Many non-EU citizens currently own property in Spain – there’s no reason the Brexit result will stop Brits from doing the same. However, the path towards buying a Spanish property may become a bit trickier when the details of Article 50 are finalised.
The Spanish government actually welcome the flow of British expats into their property market, a number estimated to be over 750,000, who contribute greatly to the tourist industry and economy. They won’t want to deter UK residents from coming into the country, thus are unlikely to impose tough visa conditions.
Recent years have seen British demand for Spanish properties strongly increase, notably in areas such as Alicante (Costa Blanca) and Malaga (Costa del Sol), as well as the Balearics and Canaries. With a healthy English-speaking population in these areas, they’ll still make an attractive prospect for potential buyers.
Concerns over Brexit
The pound was affected heavily by the Referendum result, mainly as many financial institutions had predicted and banked upon a ‘Remain’ result. Once things settle and important political decisions are resolved, sterling is expected to make a full recovery.
Some buyers may be put off until the post-Brexit period of uncertainty fades away. However, this could be a great opportunity for new investors who’ve been previously deterred by a competitive buying market.
In terms of unrestricted travel, a visa is only required for non-EU citizens if they intend to stay in the country for over three months. It is highly unlikely holidaymakers will spend more time than this when visiting the country.
When it comes to the conditions of purchasing a Spanish property, your rights as a non-EU citizen won’t be affected too drastically. Furthermore, the cost of stamp duty and VAT will not change so new buyers should not be put off in this respect either. However, the current rate of owning a property may push the tax payment up from 19% to 24%.
Although nothing is certain as yet, the general feeling is that Britain will remain a part of the European Economic Area (EEA) so that nothing much will be altered in terms of worker’s rights and living conditions.
One area of concern is regarding the health benefits that Brits living in Spain enjoy, most of which are pensioners. Being an EU member guarantees expats healthcare privileges via the European health insurance card, something ageing expats cherish greatly. However, an EHIC agreement of some sort will be thrashed out after Brexit.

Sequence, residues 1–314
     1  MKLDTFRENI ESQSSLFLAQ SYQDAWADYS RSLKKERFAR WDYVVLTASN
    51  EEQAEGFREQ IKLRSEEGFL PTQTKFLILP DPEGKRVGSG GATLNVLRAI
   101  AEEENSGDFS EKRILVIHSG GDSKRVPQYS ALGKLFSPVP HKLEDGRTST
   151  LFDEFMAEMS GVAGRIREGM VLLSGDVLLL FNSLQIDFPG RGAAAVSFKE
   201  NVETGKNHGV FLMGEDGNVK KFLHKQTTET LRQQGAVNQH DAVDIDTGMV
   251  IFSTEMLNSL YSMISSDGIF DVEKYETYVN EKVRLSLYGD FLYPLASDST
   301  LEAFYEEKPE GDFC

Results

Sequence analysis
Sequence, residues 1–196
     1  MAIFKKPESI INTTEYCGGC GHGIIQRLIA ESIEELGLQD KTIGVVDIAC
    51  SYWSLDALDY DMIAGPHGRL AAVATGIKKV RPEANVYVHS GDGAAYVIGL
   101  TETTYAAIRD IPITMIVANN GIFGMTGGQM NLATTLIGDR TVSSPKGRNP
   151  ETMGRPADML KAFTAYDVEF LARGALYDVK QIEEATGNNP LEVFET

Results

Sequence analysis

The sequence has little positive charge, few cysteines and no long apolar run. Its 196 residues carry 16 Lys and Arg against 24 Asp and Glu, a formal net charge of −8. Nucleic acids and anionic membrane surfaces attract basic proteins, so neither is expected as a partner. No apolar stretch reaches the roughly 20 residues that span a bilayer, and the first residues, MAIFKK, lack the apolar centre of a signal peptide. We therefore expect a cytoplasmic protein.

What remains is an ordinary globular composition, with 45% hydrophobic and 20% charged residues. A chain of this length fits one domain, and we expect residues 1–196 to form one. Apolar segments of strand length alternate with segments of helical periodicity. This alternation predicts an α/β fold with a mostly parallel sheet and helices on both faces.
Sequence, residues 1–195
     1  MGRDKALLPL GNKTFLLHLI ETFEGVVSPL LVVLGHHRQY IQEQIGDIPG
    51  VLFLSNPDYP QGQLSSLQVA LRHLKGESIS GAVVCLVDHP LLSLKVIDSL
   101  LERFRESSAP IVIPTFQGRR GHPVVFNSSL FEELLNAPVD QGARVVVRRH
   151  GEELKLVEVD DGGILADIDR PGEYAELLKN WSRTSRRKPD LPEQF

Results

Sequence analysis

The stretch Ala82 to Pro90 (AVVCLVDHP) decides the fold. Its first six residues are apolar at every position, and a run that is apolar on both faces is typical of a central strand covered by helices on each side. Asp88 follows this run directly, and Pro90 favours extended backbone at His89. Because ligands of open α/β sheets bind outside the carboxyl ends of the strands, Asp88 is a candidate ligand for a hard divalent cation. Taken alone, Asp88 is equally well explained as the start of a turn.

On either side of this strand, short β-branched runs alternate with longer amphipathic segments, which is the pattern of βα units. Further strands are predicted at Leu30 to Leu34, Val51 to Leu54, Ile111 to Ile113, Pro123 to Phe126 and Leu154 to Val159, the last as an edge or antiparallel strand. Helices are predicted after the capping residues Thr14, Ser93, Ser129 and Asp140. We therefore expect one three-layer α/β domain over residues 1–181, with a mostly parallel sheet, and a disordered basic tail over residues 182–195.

Your pensions would continue in the same way they do now, as they aren’t controlled by the EU. There are some slight concerns that a falling pound will see the value of pensions decrease. As noted previously, the performance of sterling could well regain its value as the dust begins to settle.
Buying Spanish Property
Many estate agents based on the continent who deal with British expats encourage investors to make their move into the Spanish property market whilst the UK remains in the EU. There will be at least two years before Article 50 will be invoked, leaving you plenty of time to get your foot in the door before Brexit is finalised.
Investors should also look at the Spanish property market in greater context. Despite the faltering pound value compared to the euro, house prices in Spain will still be less expensive than they were at their peak in 2007. The value remains very good.
Likewise, any negative fears about the Spanish property market should also not be taken too seriously. Brits have always flocked to Spain for its weather, accessibility and high quality of life, and will continue to do so regardless of the eventual consequences of the Referendum.